Also, the location of the bezel crown at the 9 position on the case makes the case appear pretty large and somewhat unwieldy on the wrist, given that there is also the main watch crown on the other side of the case at the 4 position.  With the crown guards on both of these crowns adding additional visual bulk to the case, the look is at times unbalanced and ungainly.  Why not put the bezel crown on the right side at the 2 position, that would make more sense to me and also help eliminate the bezel creep previously discussed.

Now, back to the dial.  There are small white printed arabics on the dial at each five minute mark, with white hash marks between the numbers.  A larger applied marker is found at the 6, 9 and 12 positions, with inset lume.  The Seiko name appears at the top of the dial, with an applied ‘5’ logo and the wording ‘Sports’ directly below it.  At the six position, the wording ‘automatic’, ’23 jewels’ and ‘100M’ appear on the dial.  The dial is capped with a flat Seiko ‘hardlex’ mineral crystal.

The hour hand is white and infilled with Seiko’s Lumibrite luminous material.  The minute hand is orange and filled with Lumibrite.  The seconds hand is black with an infilled orange arrow tip.  This color scheme gives a bit of diver watch panache to this piece, even though this watch is not diver material.  Lume quality is very good, as is to be expected with Lumibrite.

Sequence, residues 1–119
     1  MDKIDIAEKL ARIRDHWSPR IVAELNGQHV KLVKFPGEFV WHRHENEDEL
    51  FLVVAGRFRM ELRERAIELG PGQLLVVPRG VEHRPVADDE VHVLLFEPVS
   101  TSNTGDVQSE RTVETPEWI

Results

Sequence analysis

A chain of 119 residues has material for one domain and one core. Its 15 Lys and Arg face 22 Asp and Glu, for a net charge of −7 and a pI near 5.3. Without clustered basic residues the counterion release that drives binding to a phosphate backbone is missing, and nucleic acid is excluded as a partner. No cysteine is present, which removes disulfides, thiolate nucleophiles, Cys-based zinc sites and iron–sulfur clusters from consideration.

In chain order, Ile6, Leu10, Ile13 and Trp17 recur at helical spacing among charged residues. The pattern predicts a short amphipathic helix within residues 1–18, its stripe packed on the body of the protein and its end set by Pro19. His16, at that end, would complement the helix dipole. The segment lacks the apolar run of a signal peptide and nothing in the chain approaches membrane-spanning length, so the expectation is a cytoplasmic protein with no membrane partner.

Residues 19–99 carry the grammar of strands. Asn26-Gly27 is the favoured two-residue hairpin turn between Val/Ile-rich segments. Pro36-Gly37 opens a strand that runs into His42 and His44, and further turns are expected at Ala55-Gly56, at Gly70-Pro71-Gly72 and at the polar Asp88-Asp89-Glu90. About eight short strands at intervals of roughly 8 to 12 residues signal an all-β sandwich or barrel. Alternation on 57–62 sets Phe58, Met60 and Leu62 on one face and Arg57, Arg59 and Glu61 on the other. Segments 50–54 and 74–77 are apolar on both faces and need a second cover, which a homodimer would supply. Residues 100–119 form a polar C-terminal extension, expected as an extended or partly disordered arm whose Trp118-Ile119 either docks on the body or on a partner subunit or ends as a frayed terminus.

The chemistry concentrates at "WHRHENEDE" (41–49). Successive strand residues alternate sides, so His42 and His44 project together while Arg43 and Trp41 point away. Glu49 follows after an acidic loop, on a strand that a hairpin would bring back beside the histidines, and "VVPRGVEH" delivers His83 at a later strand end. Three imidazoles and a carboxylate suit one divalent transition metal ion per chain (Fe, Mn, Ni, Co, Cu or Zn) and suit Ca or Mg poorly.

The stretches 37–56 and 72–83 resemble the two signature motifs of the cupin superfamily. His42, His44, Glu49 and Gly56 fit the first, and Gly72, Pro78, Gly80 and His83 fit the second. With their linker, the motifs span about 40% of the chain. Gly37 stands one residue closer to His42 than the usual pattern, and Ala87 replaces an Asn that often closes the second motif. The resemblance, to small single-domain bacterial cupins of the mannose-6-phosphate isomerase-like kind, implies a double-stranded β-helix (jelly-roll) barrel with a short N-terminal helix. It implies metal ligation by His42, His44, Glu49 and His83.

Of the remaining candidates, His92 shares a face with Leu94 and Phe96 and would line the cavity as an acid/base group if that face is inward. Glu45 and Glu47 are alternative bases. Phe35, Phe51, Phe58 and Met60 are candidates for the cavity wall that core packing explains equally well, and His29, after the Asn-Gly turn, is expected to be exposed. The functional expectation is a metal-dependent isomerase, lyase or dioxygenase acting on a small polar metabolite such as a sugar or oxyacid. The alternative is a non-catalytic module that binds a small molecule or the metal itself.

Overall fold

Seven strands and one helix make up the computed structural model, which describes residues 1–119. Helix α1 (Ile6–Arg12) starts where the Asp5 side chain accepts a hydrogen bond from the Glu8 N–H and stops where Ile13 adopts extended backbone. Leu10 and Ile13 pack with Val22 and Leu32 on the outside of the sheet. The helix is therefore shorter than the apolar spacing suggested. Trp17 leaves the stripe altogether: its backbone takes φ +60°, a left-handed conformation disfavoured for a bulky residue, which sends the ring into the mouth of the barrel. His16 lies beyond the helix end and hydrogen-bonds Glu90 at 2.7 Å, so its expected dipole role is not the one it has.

The crown at the 4 position is used to set the time and adjust the quickset day and date display at the 3 position.  The day/date window is framed with a silver bezel, with the wheels being white on black for a cooler look.  The day wheel is bilingual, in both English and Spanish.  Alignment of the wheels within the window aperture is fairly spot on, as this can be a point of contention with Seiko 5s from time to time.  Overall fit and finish on this model is very good.

Inside this Seiko 5 Sports is the tried and true 7S36B automatic movement with 23 jewels and no handwinding or hacking capability.  While Seiko has brought out a hacking and handwind movement in some of their lesser priced models, it would be nice if they jumped on the bandwagon with Orient and Citizen (Miyota), both of which are including hack/handwind movements in a variety of pieces these days, more so than Seiko.